Pro tip: this never changes! I tend to type things out from tutorials or code snippets if I'm not comfortable with the underlying language or concepts in play. Sure, its time consuming, but, you'll be thinking about it whilst typing so you'll be learning. I'm not going to tell you not to follow your dream, but, this approach sounds very pragmatic. Don't go thinking its easier to get a job as a self-taught person though, depending on where you live, web development is very competitive (although probably not as competitive as web game development), anything that makes you stand out from the others is a good thing, and that includes some sort of formal training. It most certainly is not necessary (for most jobs out there) but, maybe consider if you could do a short course, it shows you are serious, but, it is usually time consuming and costly so may not fit your circumstances. Have a think about how you want to stand out. Hiring managers often have less time than they would like to review candidates, having easily accessible examples of your work (hobby work) is very useful, both the output and the source code. I'm not convinced this is true, but might be a geographical thing. It is incredibly hard for us to find decent Android devs, incredibly hard, even if blew the budget on it, conversely, finding a decent web developer (particularly if we could up the budget) would be relatively straight forward.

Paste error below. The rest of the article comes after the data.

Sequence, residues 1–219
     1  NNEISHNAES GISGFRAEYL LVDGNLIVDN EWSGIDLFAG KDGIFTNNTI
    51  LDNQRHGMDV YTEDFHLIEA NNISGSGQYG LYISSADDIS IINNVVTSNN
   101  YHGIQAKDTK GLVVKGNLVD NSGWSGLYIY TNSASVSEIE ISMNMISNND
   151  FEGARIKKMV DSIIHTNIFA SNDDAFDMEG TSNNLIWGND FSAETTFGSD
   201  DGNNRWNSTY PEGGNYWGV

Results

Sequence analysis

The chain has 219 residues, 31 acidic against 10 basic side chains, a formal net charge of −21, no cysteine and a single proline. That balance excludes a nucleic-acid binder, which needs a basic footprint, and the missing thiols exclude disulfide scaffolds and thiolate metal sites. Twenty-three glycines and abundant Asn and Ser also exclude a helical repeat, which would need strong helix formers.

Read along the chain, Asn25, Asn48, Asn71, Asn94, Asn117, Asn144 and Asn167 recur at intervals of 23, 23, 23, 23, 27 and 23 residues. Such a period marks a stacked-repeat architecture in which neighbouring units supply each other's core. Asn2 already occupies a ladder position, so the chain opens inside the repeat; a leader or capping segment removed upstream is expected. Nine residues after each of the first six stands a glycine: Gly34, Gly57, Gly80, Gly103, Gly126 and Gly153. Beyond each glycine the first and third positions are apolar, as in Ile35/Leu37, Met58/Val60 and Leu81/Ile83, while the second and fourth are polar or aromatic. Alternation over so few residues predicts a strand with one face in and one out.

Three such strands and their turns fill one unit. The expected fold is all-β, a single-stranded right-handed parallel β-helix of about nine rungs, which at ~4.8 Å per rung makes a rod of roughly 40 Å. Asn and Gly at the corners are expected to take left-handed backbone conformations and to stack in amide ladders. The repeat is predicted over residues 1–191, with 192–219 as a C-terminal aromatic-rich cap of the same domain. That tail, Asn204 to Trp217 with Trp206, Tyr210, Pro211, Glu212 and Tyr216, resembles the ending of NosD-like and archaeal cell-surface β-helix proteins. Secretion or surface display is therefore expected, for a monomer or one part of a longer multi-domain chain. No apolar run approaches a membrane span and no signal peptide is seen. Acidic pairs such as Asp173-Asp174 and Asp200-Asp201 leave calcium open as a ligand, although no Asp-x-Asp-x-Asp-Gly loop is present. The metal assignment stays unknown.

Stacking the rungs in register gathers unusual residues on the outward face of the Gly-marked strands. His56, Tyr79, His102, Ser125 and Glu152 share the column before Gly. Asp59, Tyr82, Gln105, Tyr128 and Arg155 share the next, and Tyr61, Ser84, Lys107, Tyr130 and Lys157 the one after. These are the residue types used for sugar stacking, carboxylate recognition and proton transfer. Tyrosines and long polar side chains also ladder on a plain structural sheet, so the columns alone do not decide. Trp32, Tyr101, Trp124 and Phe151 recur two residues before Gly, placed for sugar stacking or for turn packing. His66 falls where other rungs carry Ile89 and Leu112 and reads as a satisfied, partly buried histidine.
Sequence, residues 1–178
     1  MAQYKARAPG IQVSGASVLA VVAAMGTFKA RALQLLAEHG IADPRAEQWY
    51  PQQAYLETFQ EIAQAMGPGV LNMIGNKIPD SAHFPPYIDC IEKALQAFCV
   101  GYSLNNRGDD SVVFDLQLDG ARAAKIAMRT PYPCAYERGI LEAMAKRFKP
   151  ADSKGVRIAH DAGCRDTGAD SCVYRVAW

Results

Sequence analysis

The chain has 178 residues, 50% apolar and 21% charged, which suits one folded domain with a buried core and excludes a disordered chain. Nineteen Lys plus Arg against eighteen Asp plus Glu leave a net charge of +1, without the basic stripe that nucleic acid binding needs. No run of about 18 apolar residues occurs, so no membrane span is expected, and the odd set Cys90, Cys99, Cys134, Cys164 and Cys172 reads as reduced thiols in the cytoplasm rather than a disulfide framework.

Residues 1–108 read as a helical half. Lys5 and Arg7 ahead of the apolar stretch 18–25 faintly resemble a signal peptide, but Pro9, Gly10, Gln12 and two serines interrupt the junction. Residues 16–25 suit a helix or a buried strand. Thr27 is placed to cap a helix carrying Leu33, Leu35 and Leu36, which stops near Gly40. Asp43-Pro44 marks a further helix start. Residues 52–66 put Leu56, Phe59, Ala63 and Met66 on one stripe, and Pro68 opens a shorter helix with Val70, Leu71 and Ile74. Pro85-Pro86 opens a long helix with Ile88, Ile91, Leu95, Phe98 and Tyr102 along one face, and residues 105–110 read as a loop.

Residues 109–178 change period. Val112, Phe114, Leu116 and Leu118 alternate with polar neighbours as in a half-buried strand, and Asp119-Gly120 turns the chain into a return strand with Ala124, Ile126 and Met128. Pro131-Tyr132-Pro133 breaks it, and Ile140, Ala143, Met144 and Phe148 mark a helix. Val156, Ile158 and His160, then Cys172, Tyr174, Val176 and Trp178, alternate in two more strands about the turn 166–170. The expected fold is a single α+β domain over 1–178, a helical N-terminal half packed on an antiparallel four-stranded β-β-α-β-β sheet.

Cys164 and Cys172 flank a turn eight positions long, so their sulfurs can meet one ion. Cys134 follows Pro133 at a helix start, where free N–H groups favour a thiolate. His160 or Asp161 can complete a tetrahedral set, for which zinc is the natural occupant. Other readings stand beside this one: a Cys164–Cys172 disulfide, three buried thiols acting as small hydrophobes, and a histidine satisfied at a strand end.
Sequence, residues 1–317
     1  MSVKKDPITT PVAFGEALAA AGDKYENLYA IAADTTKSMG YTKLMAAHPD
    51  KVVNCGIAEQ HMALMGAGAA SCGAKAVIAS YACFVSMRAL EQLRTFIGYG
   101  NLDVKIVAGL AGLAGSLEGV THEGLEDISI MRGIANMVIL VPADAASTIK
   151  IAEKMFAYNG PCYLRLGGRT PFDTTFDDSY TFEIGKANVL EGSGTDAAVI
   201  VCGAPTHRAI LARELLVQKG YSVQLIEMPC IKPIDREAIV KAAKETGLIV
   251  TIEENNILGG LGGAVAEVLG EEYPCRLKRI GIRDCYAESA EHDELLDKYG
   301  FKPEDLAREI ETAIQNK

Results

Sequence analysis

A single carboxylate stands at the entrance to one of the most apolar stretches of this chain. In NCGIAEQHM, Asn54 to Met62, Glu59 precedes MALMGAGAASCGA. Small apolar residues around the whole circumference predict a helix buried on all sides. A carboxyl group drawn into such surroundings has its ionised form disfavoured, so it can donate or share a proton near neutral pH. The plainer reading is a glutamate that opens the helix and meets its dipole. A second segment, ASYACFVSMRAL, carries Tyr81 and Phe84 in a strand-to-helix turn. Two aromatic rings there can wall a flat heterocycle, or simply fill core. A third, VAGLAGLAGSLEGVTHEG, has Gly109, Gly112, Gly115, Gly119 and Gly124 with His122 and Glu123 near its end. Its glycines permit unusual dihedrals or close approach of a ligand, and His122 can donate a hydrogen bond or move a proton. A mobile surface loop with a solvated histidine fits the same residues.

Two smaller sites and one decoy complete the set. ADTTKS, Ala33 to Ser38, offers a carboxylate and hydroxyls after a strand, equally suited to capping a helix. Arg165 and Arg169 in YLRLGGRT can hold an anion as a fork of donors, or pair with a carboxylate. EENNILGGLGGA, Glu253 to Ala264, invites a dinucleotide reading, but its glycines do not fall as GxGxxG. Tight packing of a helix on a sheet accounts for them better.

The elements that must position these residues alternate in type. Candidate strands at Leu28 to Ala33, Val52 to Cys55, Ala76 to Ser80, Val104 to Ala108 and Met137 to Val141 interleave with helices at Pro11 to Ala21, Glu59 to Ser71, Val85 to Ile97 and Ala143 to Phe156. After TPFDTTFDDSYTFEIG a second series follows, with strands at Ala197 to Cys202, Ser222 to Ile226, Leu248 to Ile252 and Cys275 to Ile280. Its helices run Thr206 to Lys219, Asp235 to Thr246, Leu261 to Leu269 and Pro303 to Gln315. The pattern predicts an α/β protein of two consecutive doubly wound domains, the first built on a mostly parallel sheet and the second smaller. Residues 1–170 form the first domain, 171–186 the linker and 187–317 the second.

6. mattstyles

    When to move on to a frame work?